After yesterday’s violent 500-point plunge, the Nasdaq pared approximately half of the losses by today’s pre-market on September 21st, 2021. In fact, most of the recovery came in the final 20 minutes of the trading day yesterday, marking what might be the beginning of yet another incredible V-shaped recover. The old “buy-the-dip” mentality is back, a strategy that has worked particularly well since during since the beginning of the Covid-19 pandemic.
Is the selling over for now? Will we see new all-time highs again after Fed chair Powell speaks again? Or is the two-sided action we have seen for most of September the new normal, which choppy markets to come through the remainder of the year? With VIX still in the mid-20s, down from a intraday high of nearly 29, investors are positioning themselves more conservatively for the coming days.
We saw a preview these past few days on exactly which assets are likely to plunge: crypto assets, meme stocks, and speculative recovery stocks (think casinos and airlines). For example, while the Nasdaq was down nearly 2.5% at the bottom, Wall Street Bets favorites such as AMC and GME were down close to 10%.
Not All Asset Correlations Hold
Regardless of where the market goes from here, the shockingly scary peak-to-trough plunge revealed which assets are most at risk during a panic sell. Max Stone, head of macro trading at D. E. Shaw & Co., once said, “During a panic, historical asset correlations no longer apply. All correlations become 1.0 or -1.0”. Quantitative hedge funds such as Two Sigma, Jane Street, and D. E. Shaw carefully calculate the risk factors on each of their positions. Their portfolio management strategy relies heavily on historical covariances between pairs of assets, hoping to hedge away most market risks while waiting to realize model-driven price forecasts.
If all that sounds too mathematical, don’t worry. You don’t need a gold medal in the International Math Olympiad to understand the key takeaway. Even the most rudimentary risk measurements use the historical relationships between asset prices to determine how things behave in future scenarios. MBAs spend entire semesters analyzing companies and their various betas, taking into account its sensitivity to the market, its industry peers, and even the amount of debt and leverage. Options traders carefully balance their greeks, converting most of their positions into their SPY-weighted delta (sensitivity to the S&P).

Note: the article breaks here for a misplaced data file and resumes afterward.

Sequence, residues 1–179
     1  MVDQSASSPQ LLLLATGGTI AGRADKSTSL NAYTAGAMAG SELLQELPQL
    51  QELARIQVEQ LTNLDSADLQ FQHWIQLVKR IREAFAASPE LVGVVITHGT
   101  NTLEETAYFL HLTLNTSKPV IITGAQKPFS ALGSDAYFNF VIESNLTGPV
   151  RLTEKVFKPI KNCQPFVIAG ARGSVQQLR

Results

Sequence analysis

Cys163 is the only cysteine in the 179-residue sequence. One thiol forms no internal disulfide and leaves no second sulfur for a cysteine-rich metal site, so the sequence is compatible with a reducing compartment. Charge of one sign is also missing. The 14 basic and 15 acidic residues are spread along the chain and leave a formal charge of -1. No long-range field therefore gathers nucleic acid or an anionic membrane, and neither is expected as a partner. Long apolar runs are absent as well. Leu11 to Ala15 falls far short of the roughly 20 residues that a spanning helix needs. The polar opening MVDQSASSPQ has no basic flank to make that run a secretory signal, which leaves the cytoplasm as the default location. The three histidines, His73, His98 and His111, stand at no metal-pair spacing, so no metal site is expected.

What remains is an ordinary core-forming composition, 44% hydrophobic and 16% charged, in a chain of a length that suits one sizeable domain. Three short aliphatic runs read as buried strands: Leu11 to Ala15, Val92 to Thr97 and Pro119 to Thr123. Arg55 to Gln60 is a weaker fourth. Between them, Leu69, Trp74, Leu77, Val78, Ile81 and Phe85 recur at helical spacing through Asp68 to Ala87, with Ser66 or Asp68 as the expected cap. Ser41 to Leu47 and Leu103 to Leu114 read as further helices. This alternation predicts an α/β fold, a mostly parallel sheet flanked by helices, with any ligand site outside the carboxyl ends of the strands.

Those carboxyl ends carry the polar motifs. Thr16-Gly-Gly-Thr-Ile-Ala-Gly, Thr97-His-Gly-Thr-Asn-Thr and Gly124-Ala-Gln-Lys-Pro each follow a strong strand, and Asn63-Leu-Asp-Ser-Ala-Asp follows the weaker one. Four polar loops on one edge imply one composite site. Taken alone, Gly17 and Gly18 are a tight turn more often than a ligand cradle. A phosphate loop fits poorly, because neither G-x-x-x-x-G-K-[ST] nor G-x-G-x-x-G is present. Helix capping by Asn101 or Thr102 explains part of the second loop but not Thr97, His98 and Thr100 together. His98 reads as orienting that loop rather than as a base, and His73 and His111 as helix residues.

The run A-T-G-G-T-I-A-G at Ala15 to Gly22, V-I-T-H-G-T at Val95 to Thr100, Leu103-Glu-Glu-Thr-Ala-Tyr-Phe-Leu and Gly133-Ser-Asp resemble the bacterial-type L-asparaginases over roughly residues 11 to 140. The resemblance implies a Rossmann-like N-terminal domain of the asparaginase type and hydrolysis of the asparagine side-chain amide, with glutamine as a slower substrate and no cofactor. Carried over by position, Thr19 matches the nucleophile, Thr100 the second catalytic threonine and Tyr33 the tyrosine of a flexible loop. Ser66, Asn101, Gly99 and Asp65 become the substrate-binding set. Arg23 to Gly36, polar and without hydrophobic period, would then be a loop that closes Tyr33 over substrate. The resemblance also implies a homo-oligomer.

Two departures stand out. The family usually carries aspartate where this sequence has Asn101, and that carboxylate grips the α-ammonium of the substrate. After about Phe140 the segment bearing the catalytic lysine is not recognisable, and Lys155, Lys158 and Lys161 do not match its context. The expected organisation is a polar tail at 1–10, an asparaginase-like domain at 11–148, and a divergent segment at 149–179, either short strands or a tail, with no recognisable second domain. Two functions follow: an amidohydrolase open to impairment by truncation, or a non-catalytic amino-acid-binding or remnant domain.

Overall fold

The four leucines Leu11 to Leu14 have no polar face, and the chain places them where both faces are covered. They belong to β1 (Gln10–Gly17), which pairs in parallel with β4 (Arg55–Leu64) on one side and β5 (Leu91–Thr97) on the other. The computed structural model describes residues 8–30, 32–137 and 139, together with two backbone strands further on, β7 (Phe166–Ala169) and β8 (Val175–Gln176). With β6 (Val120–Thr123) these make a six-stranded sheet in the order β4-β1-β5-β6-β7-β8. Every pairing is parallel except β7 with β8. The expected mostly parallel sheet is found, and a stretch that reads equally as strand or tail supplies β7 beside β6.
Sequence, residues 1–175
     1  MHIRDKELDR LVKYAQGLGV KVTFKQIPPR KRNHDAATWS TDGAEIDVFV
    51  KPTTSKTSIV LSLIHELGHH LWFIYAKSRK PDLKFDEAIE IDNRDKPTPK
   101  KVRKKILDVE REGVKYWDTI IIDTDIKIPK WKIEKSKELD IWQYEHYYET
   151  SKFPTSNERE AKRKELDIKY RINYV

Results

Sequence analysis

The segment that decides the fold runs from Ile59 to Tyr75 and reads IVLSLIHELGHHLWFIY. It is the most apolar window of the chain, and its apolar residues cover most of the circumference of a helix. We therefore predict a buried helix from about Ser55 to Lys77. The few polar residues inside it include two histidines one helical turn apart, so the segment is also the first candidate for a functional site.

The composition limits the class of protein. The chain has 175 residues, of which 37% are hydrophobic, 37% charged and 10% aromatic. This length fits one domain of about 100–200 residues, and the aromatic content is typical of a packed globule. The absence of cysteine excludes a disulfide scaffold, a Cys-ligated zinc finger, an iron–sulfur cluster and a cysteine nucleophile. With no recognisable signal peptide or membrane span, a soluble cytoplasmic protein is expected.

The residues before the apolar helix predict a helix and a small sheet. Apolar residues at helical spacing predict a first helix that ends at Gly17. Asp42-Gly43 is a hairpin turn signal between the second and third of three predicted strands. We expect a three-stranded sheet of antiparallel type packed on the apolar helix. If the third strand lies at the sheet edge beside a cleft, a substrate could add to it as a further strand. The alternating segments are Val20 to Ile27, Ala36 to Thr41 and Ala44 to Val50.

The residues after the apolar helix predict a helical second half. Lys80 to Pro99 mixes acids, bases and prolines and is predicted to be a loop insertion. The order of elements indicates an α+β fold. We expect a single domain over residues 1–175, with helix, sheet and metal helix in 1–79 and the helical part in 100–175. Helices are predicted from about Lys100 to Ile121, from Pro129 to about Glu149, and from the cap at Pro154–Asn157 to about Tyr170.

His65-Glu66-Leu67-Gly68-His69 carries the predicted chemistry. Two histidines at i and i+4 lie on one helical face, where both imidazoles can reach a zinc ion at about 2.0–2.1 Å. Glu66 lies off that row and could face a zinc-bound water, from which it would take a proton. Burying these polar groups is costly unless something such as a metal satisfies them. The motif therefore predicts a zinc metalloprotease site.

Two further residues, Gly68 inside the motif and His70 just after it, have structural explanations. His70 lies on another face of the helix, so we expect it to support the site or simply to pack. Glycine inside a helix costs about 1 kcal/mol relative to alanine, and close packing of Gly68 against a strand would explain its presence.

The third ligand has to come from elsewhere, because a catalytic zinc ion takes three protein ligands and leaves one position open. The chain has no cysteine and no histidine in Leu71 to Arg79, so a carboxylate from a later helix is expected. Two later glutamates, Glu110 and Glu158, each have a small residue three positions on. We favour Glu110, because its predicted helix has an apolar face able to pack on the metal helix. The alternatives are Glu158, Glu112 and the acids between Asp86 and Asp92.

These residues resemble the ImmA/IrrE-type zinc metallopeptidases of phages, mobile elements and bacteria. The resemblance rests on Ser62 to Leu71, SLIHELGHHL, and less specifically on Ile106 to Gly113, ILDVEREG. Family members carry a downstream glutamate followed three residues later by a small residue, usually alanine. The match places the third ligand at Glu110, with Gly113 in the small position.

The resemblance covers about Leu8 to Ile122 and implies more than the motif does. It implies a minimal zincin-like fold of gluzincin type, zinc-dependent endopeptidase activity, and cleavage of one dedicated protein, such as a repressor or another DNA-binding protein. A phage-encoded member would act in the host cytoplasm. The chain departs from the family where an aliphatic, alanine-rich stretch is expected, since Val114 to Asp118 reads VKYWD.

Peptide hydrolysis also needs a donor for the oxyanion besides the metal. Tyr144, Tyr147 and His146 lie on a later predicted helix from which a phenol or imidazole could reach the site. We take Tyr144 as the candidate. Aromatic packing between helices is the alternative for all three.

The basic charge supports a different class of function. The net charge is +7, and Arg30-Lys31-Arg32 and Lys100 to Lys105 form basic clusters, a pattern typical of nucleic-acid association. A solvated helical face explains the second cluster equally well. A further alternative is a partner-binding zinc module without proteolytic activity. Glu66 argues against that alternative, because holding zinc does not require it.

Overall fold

Does Diversification Work in 2021?
Everyone learns diversification is the only free lunch in investing. Theoretically, if you have two assets that both provide a positive expected return and are not perfectly correlated, then you can construct some mixture of the two that will produce a better risk-reward than each individual asset. For example, holding a basket of stocks might produce a higher return than real estate investing, however holding both stocks and real estate could produce a more optimal result (better sharpe ratio).
Unfortunately, back to Mr. Stone’s wisdom, whatever intricate or crude calculations you might have, they are probably wrong during a time of true stress. A different kind of market mentality dominates, which leaves traders of all sizes fleeing to safety. Although Perhaps the best advice is to “stay small”, as Tasty Trade founder Tom Sosnoff often tells his hundreds of thousands of listeners. Although there is an urge to dive in a make more trades during a time of market dislocation, another quant adage applies: “When market volatility doubles, you should have four times the conviction in your trades.”